About Lisa Shives M.D.
I started medical school at the age of 32. Why did I decide on a career as a doctor 5-10 years later than the average student? Medicine was not an obvious choice for someone with my educational and cultural interests. As an undergraduate at UC San Diego, I studied history, literature and philosophy. I lived in France, England and Germany in my early-to-mid-twenties, studying languages and preparing myself to be a professor and (my secret aspiration) a poet. The problem was, I didn’t know exactly what I wanted to study because my interests ranged over most of the fields in the humanities and social sciences. Therefore, I gravitated toward a renowned interdisciplinary program at the University of Chicago called The Committee on Social Thought. I completed two years, but I felt lost due to the limitless horizons that the program offered. I also had gone through the death of a loved one who died at a young age and that haunted me and made me want to face death and disease and suffering head on and not spend a life denying it or trying to ignore it. For the perennial student that I was, Medical School seemed to be the natural choice.
I trained in Internal Medicine and worked as a Hospitalist for a year and then worked in Hospice Medicine on and off for 3 years. Finally, I did a fellowship in Sleep Medicine and have focused on that, along with Lifestyle Medicine and Obesity Medicine, for 15 years. In a strange turn, I came into medicine to focus on death and suffering, but ended up in a field that is not life and death, but does give me the opportunity to help people improve their quality of life immensely, and allows me to help patients whose suffering is not always recognized by other physicians.
Patients often tell me that I don’t act like the typical doctor. Since being a physician is a calling that came to me later in life, it is not at the core of my identity. However, the experience of working with patients is at the core of my professional fulfillment and at the core of my interest in and understanding of mindfulness. I realized several years ago, that one of the few times in the day that I actually lived in the present was when I was talking to a patient. And living in the present, even for a short time each day, energizes me and at the same time gives me a greater ability to stay calm and focused. So many of my patients are searching for the same experience.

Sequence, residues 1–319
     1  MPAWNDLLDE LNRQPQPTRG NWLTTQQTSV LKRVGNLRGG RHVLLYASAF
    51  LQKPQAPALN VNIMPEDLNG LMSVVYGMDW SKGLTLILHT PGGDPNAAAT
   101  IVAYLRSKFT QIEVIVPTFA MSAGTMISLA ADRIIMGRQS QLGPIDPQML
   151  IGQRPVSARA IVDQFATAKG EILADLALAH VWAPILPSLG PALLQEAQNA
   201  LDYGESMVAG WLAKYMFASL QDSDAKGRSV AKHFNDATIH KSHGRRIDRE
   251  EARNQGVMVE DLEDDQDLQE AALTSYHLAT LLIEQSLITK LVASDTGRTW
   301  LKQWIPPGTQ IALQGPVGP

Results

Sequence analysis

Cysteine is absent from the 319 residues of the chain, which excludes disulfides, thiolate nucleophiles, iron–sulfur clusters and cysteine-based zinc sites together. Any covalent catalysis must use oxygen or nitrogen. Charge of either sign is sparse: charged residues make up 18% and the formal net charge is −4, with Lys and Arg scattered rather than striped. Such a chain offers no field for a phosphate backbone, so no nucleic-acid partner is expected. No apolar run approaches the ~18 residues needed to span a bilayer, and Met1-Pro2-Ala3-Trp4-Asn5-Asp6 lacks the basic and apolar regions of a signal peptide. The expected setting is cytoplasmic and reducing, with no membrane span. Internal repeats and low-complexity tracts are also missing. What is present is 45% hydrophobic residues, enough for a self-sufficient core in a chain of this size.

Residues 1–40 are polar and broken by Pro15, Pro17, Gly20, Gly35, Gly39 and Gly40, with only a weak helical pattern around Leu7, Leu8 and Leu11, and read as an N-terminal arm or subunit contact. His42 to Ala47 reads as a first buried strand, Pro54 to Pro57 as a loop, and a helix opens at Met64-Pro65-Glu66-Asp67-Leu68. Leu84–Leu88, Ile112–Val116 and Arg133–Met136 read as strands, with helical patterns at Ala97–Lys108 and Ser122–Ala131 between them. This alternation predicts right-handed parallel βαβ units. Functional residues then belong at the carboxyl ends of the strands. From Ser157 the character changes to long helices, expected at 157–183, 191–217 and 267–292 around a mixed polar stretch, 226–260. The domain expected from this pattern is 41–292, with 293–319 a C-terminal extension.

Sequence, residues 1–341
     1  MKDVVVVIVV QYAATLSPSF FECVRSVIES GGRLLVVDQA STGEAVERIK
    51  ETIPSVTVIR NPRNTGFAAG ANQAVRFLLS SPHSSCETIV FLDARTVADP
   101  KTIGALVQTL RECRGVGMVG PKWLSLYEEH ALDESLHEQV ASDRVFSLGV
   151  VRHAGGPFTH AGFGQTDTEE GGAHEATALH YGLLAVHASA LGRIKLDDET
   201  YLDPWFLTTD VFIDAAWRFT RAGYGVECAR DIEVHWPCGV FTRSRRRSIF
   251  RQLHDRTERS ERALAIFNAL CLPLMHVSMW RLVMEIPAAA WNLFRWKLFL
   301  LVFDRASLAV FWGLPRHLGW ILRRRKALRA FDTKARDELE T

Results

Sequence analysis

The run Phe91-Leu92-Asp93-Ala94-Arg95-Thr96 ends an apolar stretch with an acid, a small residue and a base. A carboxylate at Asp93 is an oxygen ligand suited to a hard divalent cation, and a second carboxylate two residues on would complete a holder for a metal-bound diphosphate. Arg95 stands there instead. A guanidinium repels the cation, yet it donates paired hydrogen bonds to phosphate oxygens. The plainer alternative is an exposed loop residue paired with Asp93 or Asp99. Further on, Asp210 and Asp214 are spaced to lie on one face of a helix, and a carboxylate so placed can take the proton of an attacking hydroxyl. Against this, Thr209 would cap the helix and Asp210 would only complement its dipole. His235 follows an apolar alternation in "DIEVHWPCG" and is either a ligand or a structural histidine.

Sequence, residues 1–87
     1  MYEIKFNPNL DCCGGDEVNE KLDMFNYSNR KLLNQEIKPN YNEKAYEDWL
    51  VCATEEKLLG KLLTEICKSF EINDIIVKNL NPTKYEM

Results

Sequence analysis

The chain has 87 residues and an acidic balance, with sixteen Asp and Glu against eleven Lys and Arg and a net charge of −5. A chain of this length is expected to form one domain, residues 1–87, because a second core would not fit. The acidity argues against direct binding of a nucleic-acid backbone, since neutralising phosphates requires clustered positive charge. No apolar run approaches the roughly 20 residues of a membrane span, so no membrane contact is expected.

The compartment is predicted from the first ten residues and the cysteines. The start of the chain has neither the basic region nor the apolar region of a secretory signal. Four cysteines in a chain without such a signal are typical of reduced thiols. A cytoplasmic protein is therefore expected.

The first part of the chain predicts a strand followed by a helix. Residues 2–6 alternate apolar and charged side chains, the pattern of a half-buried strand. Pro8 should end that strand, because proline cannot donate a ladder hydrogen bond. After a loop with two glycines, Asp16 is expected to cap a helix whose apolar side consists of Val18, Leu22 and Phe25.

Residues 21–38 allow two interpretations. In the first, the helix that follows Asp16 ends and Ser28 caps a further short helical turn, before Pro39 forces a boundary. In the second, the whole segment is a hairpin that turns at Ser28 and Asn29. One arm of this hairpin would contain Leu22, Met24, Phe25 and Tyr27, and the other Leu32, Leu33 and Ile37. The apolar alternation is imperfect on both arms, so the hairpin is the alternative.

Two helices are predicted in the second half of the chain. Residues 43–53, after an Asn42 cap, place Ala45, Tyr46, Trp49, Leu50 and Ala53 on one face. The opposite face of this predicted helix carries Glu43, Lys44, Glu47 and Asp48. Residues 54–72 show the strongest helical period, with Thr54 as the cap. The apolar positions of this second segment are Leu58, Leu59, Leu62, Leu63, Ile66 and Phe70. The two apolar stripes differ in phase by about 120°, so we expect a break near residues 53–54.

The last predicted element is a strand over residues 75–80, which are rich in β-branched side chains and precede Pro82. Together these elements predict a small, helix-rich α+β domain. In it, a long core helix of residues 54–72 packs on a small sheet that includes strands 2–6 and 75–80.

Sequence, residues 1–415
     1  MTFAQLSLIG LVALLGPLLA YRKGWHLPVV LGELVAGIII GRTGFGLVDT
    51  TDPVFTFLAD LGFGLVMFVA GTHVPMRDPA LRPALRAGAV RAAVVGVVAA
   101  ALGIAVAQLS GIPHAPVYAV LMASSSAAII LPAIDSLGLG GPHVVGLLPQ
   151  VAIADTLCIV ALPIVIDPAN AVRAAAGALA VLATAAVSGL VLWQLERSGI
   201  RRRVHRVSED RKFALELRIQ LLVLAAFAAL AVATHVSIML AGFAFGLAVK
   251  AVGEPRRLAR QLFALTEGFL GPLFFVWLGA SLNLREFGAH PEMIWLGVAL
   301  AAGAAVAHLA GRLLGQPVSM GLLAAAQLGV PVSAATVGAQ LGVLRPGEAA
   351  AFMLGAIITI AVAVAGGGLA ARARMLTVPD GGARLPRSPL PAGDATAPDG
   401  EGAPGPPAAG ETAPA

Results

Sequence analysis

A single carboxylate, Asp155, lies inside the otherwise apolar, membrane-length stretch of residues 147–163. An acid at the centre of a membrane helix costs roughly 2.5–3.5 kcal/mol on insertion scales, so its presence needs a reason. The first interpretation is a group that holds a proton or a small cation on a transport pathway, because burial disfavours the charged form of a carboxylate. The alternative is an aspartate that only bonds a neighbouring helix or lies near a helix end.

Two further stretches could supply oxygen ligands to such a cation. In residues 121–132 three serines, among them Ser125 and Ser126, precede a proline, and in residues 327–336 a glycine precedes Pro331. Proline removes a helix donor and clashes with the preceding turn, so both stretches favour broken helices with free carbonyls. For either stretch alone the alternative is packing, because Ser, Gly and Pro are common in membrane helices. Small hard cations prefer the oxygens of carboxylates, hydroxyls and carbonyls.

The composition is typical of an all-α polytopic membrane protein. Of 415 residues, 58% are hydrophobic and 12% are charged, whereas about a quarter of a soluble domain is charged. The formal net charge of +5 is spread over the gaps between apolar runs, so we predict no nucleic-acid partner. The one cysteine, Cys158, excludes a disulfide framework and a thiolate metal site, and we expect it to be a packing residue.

- Medical School: University of Chicago. Graduated 1999
- Internship: Yale University. Completed 2000
- Residency in Internal Medicine: Northwestern University. Completed 2002.
- Fellowship in Biomedical Ethics: University of Chicago. Completed 2003.
- Fellowship in Sleep Medicine: University of Chicago. Completed 2005.
- 2003-2004: Evanston Northwestern Healthcare, Evanston, IL: Attending Physician: Internal Medicine Hospitalist
- 2005-2007: Horizon Hospice, Chicago, IL: Attending Physician
- 2007-2014: Northshore Sleep Medicine, Evanston/Skokie IL: Founder and Medical Director
- 2014-2015: UC San Diego Sleep Center, San Diego, CA: Medical Director
- 2015-2020: UC San Diego Sleep Center, San Diego, CA: Associate Clinical Professor
Committee Service and Professional Societies
- From 2011 to 2016, I was a board member of the National Sleep Foundation
- From 2008 to 2010, I was an official spokesperson for the American Academy of Sleep Medicine
- I am a member of numerous professional societies including: American Academy of Sleep Medicine, The National Sleep Foundation, The World Association of Sleep Medicine, The Society of Behavioral Sleep Medicine, The American Society for Bioethics and Humanities, The Obesity Society.
- ACP (American College of Physicians)
- AASM (American Academy of Sleep Medicine)
- SBSM (Society of Behavioral Sleep Medicine)
- TOS (The Obesity Society)
- ASBH (American Society for Bioethics + Humanities